Nurturing disruptive innovation

15 Apr 2011 Sandeep Mehta

First of all, I really loved the ars technical article Is gravity not actually a force? Forcing theory to meet experiments.  It has a great explanation of the new (perhaps revolutionary) theory of gravitation by Dutch theoretical physicist Erik Verlinde. I recommend reading the whole article. It has a great explanation of the
theory that made quite a stir last year.

More importantly, it points out how science has been able to take disruptive ideas and get them accepted for hundreds of years:

“How are controversial ideas handled by modern science? A common charge leveled against science (generally by those who are unhappy with its conclusions) is that the only way to get funding or continue your research is by going along with the current theories and not rocking the boat. For those who spend their careers in science, this is laughable—it is those who successfully rock the boat who are the most successful. In this article, we are going to look at a manuscript that purports to overturn hundreds of years of accepted ideas about gravity, and use it as an illustration of how controversial ideas are dealt with in modern physics.”

May be we can learn from science on how to integrate disruptive innovation into new products and over come the not-invented-here rejection plaguing most R&D organizations engaged in open innovation?  I think we can.  Here are the steps:

  1. Publish the innovative idea (accessed through open innovation) to  internal experts.  Clearly, internal experts will be circumspect and disinclined to accept the new idea.  So, it is critical to provide a compelling argument or test results that back up the actual work.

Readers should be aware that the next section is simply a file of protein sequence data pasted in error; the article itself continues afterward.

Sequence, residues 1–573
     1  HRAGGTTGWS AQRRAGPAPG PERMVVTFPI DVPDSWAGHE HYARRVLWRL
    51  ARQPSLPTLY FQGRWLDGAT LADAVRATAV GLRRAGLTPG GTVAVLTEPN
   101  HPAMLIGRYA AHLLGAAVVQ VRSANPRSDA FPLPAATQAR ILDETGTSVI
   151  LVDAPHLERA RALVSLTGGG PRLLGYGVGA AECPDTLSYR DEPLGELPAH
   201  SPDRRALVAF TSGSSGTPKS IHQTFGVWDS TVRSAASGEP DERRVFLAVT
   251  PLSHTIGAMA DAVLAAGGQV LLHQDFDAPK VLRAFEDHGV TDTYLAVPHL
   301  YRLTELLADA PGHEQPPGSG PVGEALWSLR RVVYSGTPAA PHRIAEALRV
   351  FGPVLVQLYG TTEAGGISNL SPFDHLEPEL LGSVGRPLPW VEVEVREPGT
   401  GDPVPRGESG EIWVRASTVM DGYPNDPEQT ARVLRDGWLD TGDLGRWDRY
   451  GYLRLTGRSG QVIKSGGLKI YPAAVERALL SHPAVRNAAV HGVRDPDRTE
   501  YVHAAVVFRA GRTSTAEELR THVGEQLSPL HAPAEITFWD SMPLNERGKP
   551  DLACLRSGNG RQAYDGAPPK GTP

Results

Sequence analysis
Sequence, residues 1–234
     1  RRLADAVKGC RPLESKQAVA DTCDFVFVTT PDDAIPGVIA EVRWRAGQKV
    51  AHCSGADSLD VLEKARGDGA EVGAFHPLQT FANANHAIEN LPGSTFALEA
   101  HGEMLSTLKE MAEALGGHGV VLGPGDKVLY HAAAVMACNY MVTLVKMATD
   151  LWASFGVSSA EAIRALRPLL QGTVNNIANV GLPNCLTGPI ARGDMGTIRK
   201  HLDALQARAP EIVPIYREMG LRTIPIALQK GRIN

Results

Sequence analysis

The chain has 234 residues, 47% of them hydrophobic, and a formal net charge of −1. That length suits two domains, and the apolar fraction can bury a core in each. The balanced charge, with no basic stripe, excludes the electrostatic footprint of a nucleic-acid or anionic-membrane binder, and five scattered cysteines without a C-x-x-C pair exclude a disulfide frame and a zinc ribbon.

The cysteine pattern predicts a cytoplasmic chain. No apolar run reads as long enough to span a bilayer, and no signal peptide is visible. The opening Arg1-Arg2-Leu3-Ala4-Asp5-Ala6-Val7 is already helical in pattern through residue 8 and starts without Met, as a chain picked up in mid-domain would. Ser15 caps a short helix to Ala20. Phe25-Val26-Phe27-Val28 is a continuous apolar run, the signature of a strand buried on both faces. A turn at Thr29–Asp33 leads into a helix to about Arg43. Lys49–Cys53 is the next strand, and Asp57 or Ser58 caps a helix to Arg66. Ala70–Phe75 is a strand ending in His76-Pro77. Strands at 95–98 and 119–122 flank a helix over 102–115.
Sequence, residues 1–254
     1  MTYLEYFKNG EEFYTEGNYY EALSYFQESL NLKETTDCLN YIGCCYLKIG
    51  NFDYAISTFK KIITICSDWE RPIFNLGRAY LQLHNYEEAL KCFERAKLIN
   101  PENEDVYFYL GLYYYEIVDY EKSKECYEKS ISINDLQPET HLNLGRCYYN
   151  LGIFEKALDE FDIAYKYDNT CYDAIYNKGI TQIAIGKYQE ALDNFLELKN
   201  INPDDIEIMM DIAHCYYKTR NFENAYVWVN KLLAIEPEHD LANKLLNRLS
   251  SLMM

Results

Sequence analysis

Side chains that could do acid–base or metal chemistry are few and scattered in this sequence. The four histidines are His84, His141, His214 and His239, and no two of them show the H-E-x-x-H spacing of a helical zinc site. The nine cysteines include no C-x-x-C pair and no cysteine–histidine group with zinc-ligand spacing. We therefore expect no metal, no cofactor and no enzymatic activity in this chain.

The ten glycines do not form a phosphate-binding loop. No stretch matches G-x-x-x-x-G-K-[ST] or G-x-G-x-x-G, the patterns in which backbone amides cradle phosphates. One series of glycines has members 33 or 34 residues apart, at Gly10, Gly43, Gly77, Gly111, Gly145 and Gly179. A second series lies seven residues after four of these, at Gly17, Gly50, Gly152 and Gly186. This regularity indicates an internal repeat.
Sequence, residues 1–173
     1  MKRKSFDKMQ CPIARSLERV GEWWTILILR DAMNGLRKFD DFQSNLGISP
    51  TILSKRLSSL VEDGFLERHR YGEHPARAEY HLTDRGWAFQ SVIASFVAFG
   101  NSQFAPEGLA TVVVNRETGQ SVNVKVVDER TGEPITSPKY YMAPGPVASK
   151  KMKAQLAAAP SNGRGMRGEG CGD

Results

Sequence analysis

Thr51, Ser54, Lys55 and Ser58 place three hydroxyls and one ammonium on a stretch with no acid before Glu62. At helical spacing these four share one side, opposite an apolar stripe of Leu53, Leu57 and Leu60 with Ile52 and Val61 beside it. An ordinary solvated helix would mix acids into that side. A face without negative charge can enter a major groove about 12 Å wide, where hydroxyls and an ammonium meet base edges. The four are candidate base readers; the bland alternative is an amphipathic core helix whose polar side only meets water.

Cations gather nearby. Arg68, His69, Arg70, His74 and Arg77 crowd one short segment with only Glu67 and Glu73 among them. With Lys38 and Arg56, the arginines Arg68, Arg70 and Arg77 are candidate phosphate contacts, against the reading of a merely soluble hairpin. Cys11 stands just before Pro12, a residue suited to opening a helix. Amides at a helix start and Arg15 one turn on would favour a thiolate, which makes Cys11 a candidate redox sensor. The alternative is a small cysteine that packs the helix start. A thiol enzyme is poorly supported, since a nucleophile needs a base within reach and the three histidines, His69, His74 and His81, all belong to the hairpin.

2. Invite internal experts to replicate the idea.  This is quite common in science as the article points out.  This will start getting some buy-in.  IP issues will be critical and you will need to ensure that the external idea does not get integrated into your internal R&D without a proper license.  
  3. Review results to verify and validate the idea.  This again is quite common in science and many people check the new theories on different scientific domains.  Similarly, R&D managers need to ensure experts examine the value of the innovation from different perspectives (user experience, manufacturability, etc.).   A big advantage of this step would be to reduce risks around integrating the disruptive innovation.  This step will also further drive acceptance of the new innovation.
  4. Solicit future involvement from experts and develop a plan to mature the innovation.  It is critical that this step is executed very quickly after step 3.  A plan and associated metrics will get over the valley of death in product innovation.

 Sounds quite intuitive.  I hope to try this in the near future.  Any thoughts?

Leave a Reply